Our example hand offers two fairly safe tosses: the 6-J and the 7-J. Throwing 7-J gives up about 4.7 points in the crib (a tad below the median), but still keeps a powerful offensive hand, returning the best expected average of any toss. This is a good play at 17-20*, where defense should be emphasized, but not at the cost of breaking up your hand. Your plan here should be to lead the 4 and try to curtail dealer's pegging. Your hand value alone will get you well past the first positional hole (18), so you'll be the favorite if you can slow down your opponent — something you have three streets to accomplish.
It's a different story at 97-97*. Now your opponent stands to go out on his three counts, even with average cards. You must slow him down immediately or lose. In this case you might consider sacrificing 2.67 points off your average hand to make the safest possible toss: the 6-J. Since you're at 97 points yourself, and since your 4 5 7 9 will be worth at least six after the cut, you'll still be in good position. But it's your opponent's position that is likely to determine the outcome of the game, and 6-J is a trifle safer than 7-J. Additionally, 4-5-7-9 is a slightly more flexible pegging hand than 4-5-6-9, and the 4-7 combination gives you a covered lead.
As pone, you often have to choose among several possible tosses with various degrees of return and inversely related degrees of safety. What makes the decision more difficult is that making a safer toss usually means sacrificing a disproportionate amount of offense. We saw that just above, when we took several points off our average hand to save about .1 points in the crib. Recently I was dealt A 5 6 8 J Q at 74-98* (not an enviable position!). I could have kept 5-6-J-Q for the best average hand, but that would require making the most dangerous toss (A-8), something I was loathe to do given the likelihood of a skunk if I didn't get a favorable cut. The most defensive option was to toss 6-Q, but this would gut my hand, relinquishing what little chance of victory I still had. So I tossed 8-Q, an intermediate choice that gave me a shot at as many as ten points (on a 4 cut), while giving up only .1 more in the crib than 6-Q. (I ended up cutting a 6 and losing, but I did get across the skunk line.)
As you can see from the following table, the progressively safer tosses from A 5 6 8 J Q reduce the average hand by an amount in excess of the corresponding reduction in the average crib. Specifically, every .1 point I shave off the crib here costs me almost ½ point in hand value:
If you were wondering why aggressive players seem to have an edge in cribbage, there's the reason! Nevertheless you must learn to recognize those situations that call for defense, and — if you're like me — learn to temper your natural aggressiveness when they occur. The former requires experience and mastery of board strategy. The latter requires discipline.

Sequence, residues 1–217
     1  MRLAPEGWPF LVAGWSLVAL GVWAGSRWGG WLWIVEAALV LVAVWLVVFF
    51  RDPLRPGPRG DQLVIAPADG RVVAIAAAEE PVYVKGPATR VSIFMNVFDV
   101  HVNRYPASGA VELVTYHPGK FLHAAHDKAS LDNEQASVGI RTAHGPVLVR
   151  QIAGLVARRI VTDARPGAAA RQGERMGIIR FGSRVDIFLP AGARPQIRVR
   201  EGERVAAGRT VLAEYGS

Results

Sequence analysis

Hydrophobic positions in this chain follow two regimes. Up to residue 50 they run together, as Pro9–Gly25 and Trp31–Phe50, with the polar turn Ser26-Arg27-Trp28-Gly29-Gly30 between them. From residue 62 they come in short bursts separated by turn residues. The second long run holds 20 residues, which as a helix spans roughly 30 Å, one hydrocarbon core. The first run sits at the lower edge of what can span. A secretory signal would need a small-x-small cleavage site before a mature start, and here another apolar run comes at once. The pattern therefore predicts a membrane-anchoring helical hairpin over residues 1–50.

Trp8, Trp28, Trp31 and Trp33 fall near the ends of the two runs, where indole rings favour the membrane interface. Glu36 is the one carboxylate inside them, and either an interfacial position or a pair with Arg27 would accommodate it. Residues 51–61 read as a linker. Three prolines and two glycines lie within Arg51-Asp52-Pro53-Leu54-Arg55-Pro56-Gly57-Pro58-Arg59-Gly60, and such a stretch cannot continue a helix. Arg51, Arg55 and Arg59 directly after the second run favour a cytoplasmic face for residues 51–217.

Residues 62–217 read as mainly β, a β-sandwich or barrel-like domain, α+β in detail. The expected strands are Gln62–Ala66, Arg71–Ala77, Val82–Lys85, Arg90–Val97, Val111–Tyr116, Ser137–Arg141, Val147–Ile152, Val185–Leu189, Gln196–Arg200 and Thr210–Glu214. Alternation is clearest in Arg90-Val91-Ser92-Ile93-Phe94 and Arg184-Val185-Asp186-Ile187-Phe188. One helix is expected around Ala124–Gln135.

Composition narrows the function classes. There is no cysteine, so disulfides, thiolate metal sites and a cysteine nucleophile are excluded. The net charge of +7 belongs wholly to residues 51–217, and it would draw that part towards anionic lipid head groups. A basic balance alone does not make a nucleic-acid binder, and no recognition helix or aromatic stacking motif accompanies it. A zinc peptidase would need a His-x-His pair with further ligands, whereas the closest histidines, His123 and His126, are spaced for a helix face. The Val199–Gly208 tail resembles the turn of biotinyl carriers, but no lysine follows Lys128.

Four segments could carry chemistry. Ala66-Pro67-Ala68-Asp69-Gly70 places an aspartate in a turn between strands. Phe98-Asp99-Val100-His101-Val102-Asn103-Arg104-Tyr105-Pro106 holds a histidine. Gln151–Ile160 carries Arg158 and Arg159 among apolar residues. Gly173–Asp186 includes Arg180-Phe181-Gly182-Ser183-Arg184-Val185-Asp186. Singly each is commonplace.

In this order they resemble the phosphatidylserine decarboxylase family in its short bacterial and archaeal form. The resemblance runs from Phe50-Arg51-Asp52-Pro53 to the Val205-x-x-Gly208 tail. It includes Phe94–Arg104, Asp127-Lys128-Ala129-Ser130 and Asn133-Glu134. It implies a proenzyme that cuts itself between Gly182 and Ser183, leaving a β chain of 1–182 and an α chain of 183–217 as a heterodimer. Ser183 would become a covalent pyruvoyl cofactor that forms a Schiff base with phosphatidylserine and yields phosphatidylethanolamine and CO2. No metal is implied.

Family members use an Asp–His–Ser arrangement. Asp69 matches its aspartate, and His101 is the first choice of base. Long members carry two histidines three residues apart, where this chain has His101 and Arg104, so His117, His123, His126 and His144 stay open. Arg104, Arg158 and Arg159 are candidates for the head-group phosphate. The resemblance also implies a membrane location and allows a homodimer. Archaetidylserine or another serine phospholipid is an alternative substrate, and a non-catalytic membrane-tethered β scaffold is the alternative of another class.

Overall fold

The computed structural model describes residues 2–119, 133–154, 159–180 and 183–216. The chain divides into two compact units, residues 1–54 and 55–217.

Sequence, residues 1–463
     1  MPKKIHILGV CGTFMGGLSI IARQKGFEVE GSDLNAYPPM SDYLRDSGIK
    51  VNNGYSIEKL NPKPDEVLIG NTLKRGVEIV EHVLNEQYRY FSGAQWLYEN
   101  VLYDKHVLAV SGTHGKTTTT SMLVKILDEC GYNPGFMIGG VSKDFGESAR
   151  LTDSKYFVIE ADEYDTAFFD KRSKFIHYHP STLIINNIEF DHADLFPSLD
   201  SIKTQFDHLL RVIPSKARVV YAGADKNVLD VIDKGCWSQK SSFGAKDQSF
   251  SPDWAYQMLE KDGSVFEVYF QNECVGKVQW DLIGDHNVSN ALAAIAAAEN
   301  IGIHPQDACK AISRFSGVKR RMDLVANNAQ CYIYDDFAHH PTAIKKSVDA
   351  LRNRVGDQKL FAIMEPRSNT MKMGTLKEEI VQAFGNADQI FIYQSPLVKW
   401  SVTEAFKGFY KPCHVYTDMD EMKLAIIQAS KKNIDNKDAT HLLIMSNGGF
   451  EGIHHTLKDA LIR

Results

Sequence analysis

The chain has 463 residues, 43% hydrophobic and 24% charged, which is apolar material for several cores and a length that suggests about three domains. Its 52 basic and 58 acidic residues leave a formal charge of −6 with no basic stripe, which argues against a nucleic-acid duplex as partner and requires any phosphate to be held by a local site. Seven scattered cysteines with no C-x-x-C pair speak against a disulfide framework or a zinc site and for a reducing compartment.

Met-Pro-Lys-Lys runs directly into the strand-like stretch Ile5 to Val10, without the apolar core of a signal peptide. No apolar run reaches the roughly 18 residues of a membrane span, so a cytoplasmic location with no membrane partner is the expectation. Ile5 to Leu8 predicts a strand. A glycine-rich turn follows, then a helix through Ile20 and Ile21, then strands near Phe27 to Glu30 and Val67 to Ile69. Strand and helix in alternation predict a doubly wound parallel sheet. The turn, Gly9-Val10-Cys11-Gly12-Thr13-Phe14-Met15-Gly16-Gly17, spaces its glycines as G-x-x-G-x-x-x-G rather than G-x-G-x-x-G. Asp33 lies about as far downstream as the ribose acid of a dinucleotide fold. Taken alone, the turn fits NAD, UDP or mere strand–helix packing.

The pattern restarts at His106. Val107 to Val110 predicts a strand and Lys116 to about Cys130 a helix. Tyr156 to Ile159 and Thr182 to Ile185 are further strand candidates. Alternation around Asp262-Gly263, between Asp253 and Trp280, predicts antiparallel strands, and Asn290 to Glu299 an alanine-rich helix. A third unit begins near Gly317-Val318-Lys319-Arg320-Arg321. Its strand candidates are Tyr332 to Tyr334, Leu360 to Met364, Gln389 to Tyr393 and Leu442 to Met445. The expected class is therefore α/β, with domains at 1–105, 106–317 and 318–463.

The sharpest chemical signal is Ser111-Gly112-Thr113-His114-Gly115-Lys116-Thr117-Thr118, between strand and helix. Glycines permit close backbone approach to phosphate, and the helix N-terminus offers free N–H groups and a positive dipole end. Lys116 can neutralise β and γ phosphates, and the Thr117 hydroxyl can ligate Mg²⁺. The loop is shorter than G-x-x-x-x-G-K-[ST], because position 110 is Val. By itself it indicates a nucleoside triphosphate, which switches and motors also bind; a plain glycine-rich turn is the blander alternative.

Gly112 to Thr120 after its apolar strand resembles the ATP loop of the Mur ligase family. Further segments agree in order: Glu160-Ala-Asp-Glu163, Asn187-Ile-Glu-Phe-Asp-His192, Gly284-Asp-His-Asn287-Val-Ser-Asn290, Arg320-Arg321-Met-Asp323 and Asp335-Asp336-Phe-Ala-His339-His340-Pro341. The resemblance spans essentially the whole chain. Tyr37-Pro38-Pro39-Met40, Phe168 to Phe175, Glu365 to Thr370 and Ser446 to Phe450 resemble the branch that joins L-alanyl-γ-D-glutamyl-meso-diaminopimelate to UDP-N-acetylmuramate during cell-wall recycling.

Occasionally you'll be so far ahead of dealer that the best discard is the one that minimizes the chance of giving up a very large crib. This is not necessarily the toss with the lowest average crib. For example, holding A-3-5-6-7-8 at 97-76*, your best toss is A-3. True, A-8 looks a lot safer, and gives up about ¼ point less on average. But with a large lead, and with Fourth Street position already sewn up, about the only thing you need to be concerned about is giving up a barnburner crib. And according to Rasmussen, dealer's chance of getting an 8+ point crib off your A-3 is 13.1%, compared to 20.9% for A-8.
See the article Discarding to opponent's crib for another example of this strategy, the cribbage equivalent of a prevent defense in football.
If you are playing desperation defense, you must be willing to totally gut your hand to make the safest possible toss. In fact, desperation defense often entails increasing the odds of giving up a big score in order to minimize the odds of giving up any score. This is the case when you make an all-or-nothing toss like 10-Q or Q-K, which can easily give dealer a big crib (if he tosses ten-cards or a 5), but can also easily give him a bust crib (if he tosses anything else). Obviously the best time to play desperation defense is late in the game, when dealer has good or marginal position, and is set to win on his three counts if you don't slow him down dramatically.
Suppose you're dealt the following hand at 92-100*: